The Parent Talk Blog
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Get Your Child in to the Holiday Spirit
“It’s better to give than to receive.” The truth of this saying can only be appreciated by someone who has felt the happiness of giving; the deep thrill and great satisfaction of being the architect of someone else’s happiness. Giving is the best way to produce the feeling of being needed, of feeling useful, and essential; of finding your place in the world and your connection to others. When it comes to our children, there is no better way to raise their self-esteem, empathy and connection to others than to help them learn about giving firsthand.
During the holiday season when our kids are madly studying the toy websites and mailing off lists to Santa, we get fooled into thinking that children receive and adults give -- but we shouldn’t short change them so easily. Children love to be givers every bit as much as adults do, and it’s so important for their burgeoning self-esteem and social interest for them to have this opportunity. Giving boosts your child’s feelings of self-worth because they see and feel how their caring helps someone else.
There are many ways to tap into their innate desire to care. Kids love to give gifts, they love to make gifts, and they love to see the reactions of their friends and family when they hand them something that is from them. They are also happy to donate, to be part of a fundraising project that will give a less fortunate child something that they may take for granted. They want to open their hearts and find a way to make a difference. Here are some ways to share the true joy of the holiday season with our children, by giving the gift of giving.
Make Gifts Together
The internet is a vast resource for ideas on child-friendly hand-made gifts. Surf the web with your child to get ideas on what they can make for friends, relatives and teachers. Then set aside a day in December to work on your home-made presents. Crafts or food gifts are great fun to make, and your child doesn’t need to spend money and shop in a store to have something to give. A prettily wrapped box of homemade cookies is always appreciated.
Many children receive more gifts than they need from well-meaning friends and relatives. This surplus can be shared with other, less fortunate kids. The fire station in every community generally collects gifts to donate to needy families. Many newspapers collect toys for the underprivileged. Encourage children to share their bounty.
We know lots of children who enjoy making a donation from their allowance to the charity of their choice. They may enjoy doing a little research about how these charities work and who benefits from their donations. For instance, if they have a love of animals, they may wish to help the humane society or the WWF. If they are interested in science, they may like to help an environmental group. If someone they know is suffering from an illness, they may want to help a hospital or foundation. Or, they may simply want to help needy children locally or in another part of the world.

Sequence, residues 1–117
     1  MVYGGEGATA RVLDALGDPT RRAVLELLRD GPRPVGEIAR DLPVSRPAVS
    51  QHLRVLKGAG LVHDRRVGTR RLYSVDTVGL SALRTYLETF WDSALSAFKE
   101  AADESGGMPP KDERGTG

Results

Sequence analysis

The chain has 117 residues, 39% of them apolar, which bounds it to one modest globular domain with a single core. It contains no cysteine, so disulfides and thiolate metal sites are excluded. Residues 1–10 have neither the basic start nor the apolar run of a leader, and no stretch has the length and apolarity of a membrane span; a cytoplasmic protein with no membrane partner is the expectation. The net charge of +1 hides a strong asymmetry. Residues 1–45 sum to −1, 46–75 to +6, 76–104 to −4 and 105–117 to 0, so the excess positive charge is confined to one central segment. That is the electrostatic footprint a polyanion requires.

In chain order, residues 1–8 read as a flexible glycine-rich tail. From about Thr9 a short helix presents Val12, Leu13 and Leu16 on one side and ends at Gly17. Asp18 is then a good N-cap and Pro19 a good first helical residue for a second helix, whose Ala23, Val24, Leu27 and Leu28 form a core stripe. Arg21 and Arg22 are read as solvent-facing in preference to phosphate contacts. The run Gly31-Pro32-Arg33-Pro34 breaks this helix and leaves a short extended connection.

Giving your time is a great way to make a difference. Although some organizations accept only adult volunteers, many will accommodate children as well. Check out religious or non-profit organizations, schools, shelters, Parks & Recreation departments, senior citizen homes, food banks, and local vets and humane societies. These experiences can be both fun and serious, giving a child some first-hand understanding of needs in their community. They will also meet some great people who help others, and these people can become positive role models.
Used Toys and Clothing
As you head into the holidays, earmark a morning to go through closets and toy chests. Donate used items to the charity of your choice. Involve your child in each step of the process, including bringing the boxes of used goods to the shelter or drop-off centre. This helps children understand where their things are going and who will benefit from the donation.
If you are planning on hosting some seasonal get-togethers, involve your children by giving them a role in the actual party itself. For example, children can help decide which hors d’oeuvres to serve, how to decorate your table, or help guests with their coats and boots. When parents tell their children, “I really need your help and ideas for the party,” kids are more than willing to pitch in. If kids have a special musical or dramatic talent, a performance can be given.
Hunger is an ever-present problem in almost every community. Food banks ask for extra donations during this time of year to replenish their stocks and meet the ever-rising need of people who cannot afford to feed their families. Children can be introduced to the food bank, and be with you when you make a donation.